Free Market Revolution: How Ayn Rand's Ideas Can End Big Government
  • Free Market Revolution: How Ayn Rand's Ideas Can End Big Government
  • Free Market Revolution: How Ayn Rand's Ideas Can End Big Government
  • Free Market Revolution: How Ayn Rand's Ideas Can End Big Government
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Free Market Revolution: How Ayn Rand's Ideas Can End Big Government

3.6 5
by Yaron Brook, Don Watkins
     
 

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NATIONAL BESTSELLER

A look at how our current crises are caused by too much government, and how Ayn Rand's bold defense of free markets can help us change course.

The rise of the Tea Party and the 2010 election results revealed that tens of millions of Americans are alarmed by Big Government, but skeptical that anything can or will be done

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Overview

NATIONAL BESTSELLER

A look at how our current crises are caused by too much government, and how Ayn Rand's bold defense of free markets can help us change course.

The rise of the Tea Party and the 2010 election results revealed that tens of millions of Americans are alarmed by Big Government, but skeptical that anything can or will be done to stop the growth of the state. In Free Market Revolution, the keepers of Ayn Rand's legacy argue that the answer lies in her pioneering philosophy of capitalism and self-interest -a philosophy that more and more people are turning to for answers. In the past few years, Rand's works have surged to new peaks of popularity, as politicians like Paul Ryan, media figures like John Stossel, and businessmen like John Mackey routinely name her as one of their chief influences. Here, Brook and Watkins explain how her ideas can solve a host of political and economic ills, including the debt crisis, inflation, overregulation, and the swelling welfare state. And most important, they show how Rand's philosophy can enable defenders of the free market to sieze the moral high ground in the fight to limit government. This is a fresh and urgent look at the ideas of one of the most controversial figures in modern history - ideas that may prove the only hope for the future.

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Editorial Reviews

Publishers Weekly
In this lengthy but digestible tome, Brook and Watkins, of the Ayn Rand Institute, tackle the 2008 housing crisis, subsequent Wall Street crash, Bernie Madoff, and the healthcare industry through the lens of Rand’s principles. Their premise is that the “rational selfishness” of the players in a free market economy regulates the system, because it is not in their long-term self-interest to take advantage of consumers. The argument is predicated on a historically popular notion that human “rationality” is wholly separate from, and superior to, the “emotional” impulse, but fails to address modern neuroscientific arguments for the interconnectedness of the “emotional” and “rational” parts of the brain. The book challenges existing value judgments of self-interest, self-sacrifice, and the morality of business people, deeming them not selfish but heroic, saving less intellectually skilled workers from “starv in hopeless ineptitude.” Overall, the principles of smaller government, with no subsidies at all, will appeal to libertarians, who view both parties as too liberal and the promotion of a “government entitlement state” akin to socialist dictatorship. Agent: Laura Blake Peterson, Curtis Brown. (Sept.)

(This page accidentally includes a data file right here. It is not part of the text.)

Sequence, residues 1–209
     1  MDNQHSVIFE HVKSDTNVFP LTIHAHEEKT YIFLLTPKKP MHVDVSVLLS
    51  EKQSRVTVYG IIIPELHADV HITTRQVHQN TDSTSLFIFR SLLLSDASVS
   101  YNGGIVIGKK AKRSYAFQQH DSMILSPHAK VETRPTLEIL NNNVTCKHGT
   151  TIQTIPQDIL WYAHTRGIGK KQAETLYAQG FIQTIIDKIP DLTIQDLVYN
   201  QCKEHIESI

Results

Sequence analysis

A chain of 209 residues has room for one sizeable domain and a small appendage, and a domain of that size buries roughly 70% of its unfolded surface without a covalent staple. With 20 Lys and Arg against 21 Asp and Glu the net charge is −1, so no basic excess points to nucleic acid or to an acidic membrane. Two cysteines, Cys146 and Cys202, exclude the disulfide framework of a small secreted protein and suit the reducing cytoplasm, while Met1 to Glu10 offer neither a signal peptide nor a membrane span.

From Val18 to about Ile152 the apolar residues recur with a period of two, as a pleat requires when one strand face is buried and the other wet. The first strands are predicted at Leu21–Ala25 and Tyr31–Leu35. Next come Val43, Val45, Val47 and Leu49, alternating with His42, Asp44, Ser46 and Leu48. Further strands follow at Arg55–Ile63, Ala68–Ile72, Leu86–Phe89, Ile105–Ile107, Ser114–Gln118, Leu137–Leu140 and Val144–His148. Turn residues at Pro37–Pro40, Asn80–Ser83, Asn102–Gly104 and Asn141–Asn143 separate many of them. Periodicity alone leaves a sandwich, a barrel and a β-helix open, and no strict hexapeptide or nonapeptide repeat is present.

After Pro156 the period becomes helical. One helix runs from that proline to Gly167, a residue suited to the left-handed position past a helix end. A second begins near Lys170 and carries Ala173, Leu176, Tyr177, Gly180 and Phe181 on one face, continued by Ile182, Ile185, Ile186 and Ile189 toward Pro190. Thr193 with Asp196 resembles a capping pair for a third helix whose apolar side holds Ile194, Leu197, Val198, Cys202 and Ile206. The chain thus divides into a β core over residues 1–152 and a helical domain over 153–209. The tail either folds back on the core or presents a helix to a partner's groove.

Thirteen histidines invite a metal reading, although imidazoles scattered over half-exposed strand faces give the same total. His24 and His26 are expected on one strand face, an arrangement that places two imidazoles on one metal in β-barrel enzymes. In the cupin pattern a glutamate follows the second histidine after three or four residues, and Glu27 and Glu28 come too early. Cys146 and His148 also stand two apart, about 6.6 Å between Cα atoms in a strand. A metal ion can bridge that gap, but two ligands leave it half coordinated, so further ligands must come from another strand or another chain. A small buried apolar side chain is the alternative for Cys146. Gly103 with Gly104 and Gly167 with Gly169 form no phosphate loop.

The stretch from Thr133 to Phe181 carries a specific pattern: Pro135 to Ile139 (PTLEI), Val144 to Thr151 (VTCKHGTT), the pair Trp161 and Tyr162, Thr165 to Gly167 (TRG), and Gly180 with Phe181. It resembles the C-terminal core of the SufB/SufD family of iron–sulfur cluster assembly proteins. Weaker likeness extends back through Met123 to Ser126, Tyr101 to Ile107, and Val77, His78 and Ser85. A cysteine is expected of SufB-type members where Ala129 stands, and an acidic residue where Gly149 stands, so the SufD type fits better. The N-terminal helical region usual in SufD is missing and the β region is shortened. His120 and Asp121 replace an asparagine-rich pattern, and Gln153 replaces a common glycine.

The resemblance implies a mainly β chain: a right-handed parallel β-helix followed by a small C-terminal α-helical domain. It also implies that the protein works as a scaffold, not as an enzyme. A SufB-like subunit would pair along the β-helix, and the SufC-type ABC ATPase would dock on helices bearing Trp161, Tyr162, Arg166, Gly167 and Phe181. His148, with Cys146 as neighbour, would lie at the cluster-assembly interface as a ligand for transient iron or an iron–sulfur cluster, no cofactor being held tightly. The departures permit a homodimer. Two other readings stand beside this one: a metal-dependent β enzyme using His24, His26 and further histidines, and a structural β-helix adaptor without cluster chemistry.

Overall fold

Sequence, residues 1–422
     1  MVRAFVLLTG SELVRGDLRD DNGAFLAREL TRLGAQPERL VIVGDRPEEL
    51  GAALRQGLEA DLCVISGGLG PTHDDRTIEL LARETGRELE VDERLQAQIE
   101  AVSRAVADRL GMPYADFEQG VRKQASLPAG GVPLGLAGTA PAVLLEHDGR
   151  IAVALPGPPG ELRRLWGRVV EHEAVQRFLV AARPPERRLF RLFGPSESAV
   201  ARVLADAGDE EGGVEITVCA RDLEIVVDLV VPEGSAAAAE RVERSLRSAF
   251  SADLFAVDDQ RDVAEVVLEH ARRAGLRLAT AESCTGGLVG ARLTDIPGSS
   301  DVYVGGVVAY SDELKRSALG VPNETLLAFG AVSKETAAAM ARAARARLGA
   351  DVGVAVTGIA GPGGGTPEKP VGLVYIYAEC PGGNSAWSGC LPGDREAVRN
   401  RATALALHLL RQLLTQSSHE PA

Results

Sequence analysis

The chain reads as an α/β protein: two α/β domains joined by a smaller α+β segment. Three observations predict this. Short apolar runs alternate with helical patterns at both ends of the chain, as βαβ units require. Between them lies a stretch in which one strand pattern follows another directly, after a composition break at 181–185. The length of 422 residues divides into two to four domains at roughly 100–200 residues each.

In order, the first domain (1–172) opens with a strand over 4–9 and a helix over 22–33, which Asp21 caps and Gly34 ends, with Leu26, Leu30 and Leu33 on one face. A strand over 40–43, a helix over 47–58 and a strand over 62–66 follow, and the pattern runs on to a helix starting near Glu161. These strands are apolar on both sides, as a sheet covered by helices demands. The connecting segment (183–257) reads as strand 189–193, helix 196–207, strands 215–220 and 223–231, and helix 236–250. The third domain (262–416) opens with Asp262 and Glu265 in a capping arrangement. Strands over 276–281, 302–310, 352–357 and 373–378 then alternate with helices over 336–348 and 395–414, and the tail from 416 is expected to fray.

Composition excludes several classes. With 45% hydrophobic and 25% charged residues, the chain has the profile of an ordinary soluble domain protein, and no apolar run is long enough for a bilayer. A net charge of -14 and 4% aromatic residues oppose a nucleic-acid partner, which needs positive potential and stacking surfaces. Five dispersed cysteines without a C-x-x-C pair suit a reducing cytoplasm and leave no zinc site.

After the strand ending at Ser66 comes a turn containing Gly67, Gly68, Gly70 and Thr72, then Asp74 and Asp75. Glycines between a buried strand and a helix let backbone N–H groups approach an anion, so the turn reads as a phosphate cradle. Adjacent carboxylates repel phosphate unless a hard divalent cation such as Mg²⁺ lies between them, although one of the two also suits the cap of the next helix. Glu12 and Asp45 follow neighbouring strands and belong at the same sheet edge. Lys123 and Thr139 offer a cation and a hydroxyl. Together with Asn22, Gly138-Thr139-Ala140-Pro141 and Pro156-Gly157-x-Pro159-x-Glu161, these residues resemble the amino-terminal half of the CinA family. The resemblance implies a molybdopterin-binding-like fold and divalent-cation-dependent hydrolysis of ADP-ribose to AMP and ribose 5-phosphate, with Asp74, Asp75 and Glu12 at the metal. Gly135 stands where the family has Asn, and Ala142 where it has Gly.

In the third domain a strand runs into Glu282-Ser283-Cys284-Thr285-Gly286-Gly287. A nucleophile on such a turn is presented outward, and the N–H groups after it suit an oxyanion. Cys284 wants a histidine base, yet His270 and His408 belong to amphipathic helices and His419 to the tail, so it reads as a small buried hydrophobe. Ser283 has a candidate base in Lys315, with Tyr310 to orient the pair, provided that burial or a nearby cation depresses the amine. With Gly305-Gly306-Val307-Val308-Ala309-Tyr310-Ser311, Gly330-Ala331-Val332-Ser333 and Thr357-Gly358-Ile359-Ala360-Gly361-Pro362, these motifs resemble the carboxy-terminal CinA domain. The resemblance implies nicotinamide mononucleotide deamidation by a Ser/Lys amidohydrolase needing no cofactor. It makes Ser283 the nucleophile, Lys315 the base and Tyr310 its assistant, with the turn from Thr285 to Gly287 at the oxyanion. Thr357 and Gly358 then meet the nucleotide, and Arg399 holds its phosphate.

Kirkus Reviews
"Capitalism is the system of selfishness--of rational selfishness." Ayn Rand acolytes Brook (Neoconservatism: An Obituary for an Idea, 2010) and Watkins sing the same old hymn, with a slightly different chorus, to the same old choir. In case you've forgotten the Randian message, bundled up here in utterly predictable form, it's that we all owe each other nothing. Our sole duty is to ourselves, and thus it behooves us to claw and scratch our way through this Darwinian world and amass as much wealth as possible. In the radical right-wing version that's infecting the dreaded big government in Washington and that pervades this primer, a truly free-market approach would lead to "the ultimate abolition of all entitlement programs including Social Security, Medicare, Medicaid, and public education; abolition of all government controls on business; the privatization of all property, including public lands, utilities, and roads." Brook and Watkins, executives at the Ayn Rand Institute, play the usual rhetorical games: Barack Obama is Hitler, or maybe Goebbels, but we really didn't mean to suggest that he was; Mussolini and Hitler were socialists, and so is Obama, but we don't really mean to cast aspersions; government regulation is evil because it keeps solid citizens from opening restaurants with bathrooms tiled to their individual tastes. Of course, Hitler and Mussolini weren't socialists, and neither is Obama, and there are reasons good and true to require restaurants to use tiles that plainly reveal when they're filthy, just as there are reasons to have regulations on food and pharmaceutical safety, seat-belt regulations, speed limits, and all the other things of government that Randians don't like. What would Howard Roark do? Maybe find a more persuasive apology for Randian money-grubbism.

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Product Details

ISBN-13:
9781137079343
Publisher:
St. Martin's Press
Publication date:
09/18/2012
Sold by:
Macmillan
Format:
NOOK Book
Pages:
272
Sales rank:
655,153
File size:
1 MB

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